Issue:  Vol. 48 / No. 11 / 15 March 2018

Polk neighbors derail LGBT history mural


A mural proposal by artists Helen Bayly and Aaron Bo Heimlich was criticized by members of the Lower Polk Neighbors group. Photo: Courtesy Helen Bayly
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A proposed mural depicting the LGBT history of Polk Street may never be painted due to objections from neighbors.

The mural is a joint project of the Lower Polk Neighbors and the Mayor's Office of Economic and Workforce Development, intended to instill local pride while beautifying a blank wall on the side of Hemlock Alley.

In fall of 2010, an LPN committee selected two neighborhood artists, Helen Bayly and Aaron Bo Heimlich, and asked them to design a mural depicting the influence of Polk Street's Beat poet community on the LGBT movement.

The artists showed a preliminary mockup at an LPN meeting last month. Half of their design is monochrome and shows historical police harassment, public poetry readings, and protests near Civic Center. The other half depicts a colorful, inclusive contemporary Pride Parade, framed by figures such as Harvey Milk.

Bayly and Heimlich consulted with the GLBT Historical Society, and incorporated actual incidents of police harassment, as well as tributes to social service organizations and their clients.

Reaction from LPN members was decidedly hostile.

"People said, 'That's the Castro, that's not here,'" said LPN Chairman Ron Case.

"The mural itself was really, really crude, very poorly done," said David Villa-Lobos, executive director of Community Leadership Alliance, a neighborhood advocacy group. "Folks felt that a lot of it has more to do with the Castro, and far more to do with Pride and that kind of thing, than it does with the history of Polk Street."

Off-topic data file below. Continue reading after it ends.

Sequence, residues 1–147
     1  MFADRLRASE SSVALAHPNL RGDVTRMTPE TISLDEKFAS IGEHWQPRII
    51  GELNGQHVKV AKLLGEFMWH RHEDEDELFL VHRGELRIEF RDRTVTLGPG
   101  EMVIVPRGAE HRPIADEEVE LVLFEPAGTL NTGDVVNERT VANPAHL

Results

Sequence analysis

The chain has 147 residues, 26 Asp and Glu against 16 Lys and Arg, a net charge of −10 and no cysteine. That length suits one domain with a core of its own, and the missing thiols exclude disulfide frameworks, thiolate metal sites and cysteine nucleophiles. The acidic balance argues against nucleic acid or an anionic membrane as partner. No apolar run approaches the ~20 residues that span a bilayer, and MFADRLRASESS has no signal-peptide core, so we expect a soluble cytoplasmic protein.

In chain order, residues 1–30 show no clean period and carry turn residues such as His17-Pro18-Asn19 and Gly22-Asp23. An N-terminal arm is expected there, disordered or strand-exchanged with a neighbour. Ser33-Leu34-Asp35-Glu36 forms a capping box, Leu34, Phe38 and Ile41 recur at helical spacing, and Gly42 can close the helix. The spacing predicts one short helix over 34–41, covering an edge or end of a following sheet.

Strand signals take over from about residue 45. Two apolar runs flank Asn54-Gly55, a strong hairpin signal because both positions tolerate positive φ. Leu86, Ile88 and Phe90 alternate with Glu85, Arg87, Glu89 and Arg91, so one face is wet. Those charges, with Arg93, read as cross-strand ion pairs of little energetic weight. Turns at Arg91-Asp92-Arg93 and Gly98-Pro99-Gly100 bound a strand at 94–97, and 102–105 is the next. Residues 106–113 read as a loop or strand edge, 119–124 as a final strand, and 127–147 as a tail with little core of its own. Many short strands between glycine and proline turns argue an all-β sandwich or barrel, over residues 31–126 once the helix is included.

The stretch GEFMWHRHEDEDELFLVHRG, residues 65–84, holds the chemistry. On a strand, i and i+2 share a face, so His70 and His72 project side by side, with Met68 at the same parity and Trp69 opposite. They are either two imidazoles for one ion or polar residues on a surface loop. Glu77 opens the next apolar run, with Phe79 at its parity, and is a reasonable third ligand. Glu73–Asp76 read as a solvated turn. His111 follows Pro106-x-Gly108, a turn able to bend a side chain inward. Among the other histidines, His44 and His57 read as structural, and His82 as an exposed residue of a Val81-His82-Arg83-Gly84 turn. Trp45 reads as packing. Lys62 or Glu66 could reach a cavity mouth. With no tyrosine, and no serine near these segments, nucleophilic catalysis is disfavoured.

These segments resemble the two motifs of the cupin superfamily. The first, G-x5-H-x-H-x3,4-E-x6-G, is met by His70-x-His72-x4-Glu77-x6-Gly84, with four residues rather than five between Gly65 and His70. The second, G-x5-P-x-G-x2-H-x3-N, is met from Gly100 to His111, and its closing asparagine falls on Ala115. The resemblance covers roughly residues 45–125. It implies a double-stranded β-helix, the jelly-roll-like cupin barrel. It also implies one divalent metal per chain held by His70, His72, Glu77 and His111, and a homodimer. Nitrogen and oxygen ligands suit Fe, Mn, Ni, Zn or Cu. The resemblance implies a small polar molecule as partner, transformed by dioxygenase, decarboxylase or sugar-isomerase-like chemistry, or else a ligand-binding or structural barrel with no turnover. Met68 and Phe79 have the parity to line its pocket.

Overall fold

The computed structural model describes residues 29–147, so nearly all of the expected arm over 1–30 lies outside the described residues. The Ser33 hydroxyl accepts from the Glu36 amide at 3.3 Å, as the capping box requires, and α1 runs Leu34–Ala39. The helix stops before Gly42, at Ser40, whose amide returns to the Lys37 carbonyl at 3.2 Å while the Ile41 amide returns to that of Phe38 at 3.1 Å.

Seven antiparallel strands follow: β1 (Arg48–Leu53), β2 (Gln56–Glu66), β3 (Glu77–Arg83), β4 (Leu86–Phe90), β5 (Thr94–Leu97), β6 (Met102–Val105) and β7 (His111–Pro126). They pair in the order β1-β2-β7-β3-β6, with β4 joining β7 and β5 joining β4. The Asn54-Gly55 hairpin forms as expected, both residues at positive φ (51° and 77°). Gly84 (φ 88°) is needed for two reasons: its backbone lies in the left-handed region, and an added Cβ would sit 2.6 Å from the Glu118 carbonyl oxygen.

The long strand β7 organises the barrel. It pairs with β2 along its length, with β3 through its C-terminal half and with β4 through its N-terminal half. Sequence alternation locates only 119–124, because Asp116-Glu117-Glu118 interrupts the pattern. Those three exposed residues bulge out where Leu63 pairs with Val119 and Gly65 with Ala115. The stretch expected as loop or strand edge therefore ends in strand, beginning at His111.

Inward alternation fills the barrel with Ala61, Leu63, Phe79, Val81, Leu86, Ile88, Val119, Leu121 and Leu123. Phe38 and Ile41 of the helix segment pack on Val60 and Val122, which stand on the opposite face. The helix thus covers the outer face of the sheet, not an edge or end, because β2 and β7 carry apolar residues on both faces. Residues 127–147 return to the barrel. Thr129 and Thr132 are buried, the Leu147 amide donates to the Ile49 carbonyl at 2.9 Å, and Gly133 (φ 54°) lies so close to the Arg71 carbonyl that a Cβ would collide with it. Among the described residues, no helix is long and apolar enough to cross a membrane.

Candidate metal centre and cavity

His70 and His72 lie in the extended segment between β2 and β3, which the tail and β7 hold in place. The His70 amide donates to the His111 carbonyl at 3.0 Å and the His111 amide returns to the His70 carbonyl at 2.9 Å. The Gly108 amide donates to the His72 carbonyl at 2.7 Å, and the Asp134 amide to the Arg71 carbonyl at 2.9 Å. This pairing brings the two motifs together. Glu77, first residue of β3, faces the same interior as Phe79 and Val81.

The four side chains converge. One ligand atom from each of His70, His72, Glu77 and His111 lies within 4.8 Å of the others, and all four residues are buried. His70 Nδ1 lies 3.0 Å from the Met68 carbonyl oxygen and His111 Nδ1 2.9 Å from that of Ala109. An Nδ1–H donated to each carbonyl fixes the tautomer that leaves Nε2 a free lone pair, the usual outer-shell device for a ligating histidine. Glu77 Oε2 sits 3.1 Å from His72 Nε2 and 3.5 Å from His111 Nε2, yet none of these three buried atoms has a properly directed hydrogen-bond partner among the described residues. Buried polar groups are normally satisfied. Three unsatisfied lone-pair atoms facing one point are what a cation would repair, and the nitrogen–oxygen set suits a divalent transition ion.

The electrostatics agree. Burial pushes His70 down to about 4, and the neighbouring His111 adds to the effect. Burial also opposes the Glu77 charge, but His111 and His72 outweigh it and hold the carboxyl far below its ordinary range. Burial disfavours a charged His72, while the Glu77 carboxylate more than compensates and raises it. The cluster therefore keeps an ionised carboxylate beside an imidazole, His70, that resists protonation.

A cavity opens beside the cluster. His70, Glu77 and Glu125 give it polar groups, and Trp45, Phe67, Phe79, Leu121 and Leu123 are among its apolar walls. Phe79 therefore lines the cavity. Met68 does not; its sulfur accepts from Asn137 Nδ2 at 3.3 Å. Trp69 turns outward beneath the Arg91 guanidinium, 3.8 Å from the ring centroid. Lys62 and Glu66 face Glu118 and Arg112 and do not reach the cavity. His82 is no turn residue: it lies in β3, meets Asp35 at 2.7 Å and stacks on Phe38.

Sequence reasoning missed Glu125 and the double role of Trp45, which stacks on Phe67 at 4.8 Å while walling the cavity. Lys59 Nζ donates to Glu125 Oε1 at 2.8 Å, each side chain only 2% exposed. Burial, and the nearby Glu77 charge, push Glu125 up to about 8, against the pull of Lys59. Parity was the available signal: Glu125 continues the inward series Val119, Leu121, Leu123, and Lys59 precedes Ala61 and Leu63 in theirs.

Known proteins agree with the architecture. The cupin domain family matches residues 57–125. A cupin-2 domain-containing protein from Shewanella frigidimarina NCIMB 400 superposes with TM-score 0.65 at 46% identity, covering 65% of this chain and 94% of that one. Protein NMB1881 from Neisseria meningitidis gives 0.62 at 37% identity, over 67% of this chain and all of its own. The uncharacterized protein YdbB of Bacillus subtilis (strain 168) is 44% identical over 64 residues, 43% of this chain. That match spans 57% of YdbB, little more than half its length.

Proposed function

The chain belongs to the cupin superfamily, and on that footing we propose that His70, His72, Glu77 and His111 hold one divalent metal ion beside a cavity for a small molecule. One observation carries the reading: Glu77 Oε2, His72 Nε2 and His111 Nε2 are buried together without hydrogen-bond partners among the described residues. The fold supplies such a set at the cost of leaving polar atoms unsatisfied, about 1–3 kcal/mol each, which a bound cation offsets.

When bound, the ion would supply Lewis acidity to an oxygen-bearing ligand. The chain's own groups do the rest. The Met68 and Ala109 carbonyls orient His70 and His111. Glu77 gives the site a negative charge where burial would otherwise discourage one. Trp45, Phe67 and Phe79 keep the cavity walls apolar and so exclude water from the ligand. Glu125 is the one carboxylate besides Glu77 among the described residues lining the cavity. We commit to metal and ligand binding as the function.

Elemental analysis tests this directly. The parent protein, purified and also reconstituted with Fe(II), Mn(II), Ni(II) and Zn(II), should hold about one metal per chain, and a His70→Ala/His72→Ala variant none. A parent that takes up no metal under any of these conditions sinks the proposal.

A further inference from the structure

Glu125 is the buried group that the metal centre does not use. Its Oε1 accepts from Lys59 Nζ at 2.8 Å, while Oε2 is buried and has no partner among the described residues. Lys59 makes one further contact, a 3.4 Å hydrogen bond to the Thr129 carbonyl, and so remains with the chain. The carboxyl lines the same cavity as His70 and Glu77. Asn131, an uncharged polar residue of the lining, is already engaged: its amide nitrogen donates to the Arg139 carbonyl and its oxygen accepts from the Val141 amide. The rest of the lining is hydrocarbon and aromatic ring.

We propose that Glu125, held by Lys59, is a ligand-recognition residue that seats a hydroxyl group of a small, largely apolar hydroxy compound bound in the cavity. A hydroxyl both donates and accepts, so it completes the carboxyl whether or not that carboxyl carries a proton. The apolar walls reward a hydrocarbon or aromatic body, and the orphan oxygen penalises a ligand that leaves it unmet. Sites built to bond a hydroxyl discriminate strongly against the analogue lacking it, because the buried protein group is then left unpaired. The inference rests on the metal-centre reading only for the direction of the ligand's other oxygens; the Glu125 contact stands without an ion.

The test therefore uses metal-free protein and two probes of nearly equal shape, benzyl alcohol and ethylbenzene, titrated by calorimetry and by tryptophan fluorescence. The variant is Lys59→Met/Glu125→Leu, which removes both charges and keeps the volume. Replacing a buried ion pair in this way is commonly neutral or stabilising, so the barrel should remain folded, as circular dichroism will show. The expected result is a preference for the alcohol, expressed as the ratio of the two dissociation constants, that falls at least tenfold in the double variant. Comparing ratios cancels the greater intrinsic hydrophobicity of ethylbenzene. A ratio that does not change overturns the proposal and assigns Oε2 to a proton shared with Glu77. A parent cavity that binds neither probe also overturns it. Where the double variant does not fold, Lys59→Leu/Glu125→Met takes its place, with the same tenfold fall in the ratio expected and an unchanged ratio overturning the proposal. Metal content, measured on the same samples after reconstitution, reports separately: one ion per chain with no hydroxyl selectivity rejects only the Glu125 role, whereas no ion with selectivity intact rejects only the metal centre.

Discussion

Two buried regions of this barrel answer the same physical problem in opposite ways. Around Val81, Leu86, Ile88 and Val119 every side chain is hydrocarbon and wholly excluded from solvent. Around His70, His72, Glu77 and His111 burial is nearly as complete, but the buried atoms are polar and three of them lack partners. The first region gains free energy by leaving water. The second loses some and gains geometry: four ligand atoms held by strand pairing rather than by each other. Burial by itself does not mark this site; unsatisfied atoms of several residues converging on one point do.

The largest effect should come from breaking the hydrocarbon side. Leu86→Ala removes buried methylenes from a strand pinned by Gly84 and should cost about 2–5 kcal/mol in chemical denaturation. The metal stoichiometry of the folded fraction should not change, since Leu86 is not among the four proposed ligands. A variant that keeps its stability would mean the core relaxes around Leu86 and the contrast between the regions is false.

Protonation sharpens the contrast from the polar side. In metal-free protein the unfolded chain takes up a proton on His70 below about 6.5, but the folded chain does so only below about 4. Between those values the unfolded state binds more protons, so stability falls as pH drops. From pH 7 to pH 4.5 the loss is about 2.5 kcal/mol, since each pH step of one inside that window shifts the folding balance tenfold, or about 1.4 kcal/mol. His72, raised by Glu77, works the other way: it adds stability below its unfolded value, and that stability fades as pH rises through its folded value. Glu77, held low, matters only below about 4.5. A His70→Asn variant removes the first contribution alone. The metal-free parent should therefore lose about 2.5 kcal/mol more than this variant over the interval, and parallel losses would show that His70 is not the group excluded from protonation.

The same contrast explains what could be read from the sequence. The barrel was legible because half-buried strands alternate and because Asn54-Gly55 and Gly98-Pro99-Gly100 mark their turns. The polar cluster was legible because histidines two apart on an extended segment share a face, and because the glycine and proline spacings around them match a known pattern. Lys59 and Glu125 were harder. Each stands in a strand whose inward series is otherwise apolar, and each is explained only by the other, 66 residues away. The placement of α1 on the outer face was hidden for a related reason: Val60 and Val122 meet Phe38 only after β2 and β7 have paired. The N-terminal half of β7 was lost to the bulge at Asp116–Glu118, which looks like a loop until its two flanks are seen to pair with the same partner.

The artists were surprised by the reaction.

"The Castro has such a monopoly on being 'the gay neighborhood' when really, there are gay and straight people in ... neighborhoods throughout the city," said Heimlich. "Polk Street was a hub for people being able to go someplace where they were accepted before the Castro."

"We were pretty shocked," said Bayly, "thinking we had a positive message and art that spoke to the community and history."

According to reports, meeting attendees overwhelmingly opposed the mural, saying that its depiction of conflict and disadvantaged residents constituted a negative portrayal.

"One of the comments we received was ... 'we want something uplifting,'" said Heimlich.

Bayly explained, "It goes from a place of struggle to a place of celebration, a positive change of civil rights and equality."

For his part, Case said he regretted the critical tone of the meeting.

"They kind of got clobbered," said Case.

At the next LPN meeting, held last week, an artist named Dray presented his proposal for an additional mural to be painted on Fern Street. Dray's mural focused more generally on Polk's last hundred years of history, ranging from the 1906 earthquake to a male hustler and Andy Warhol's Querelle poster.

Attendees raised objections to the hustler, and to a depiction of graffiti artist Shepard Fairey at work.

"I'm trying to tell the story truly," said Dray, who only uses one name. "Leaving out certain parts would be dishonest."

Though Dray's proposal was otherwise well-received, it's unclear whether Bayly and Heimlich will choose to revise their work or opt to abandon the project.

Neighbors continue to voice objections to their Hemlock mural proposal.

"The quality of the artwork was very bad," Villa-Lobos said, "and folks are questioning that it's even art at all."

"The unfortunate part was some people got very vocal about it," said Case. "It evoked some emotions in people." He paused. "Maybe good art's supposed to."

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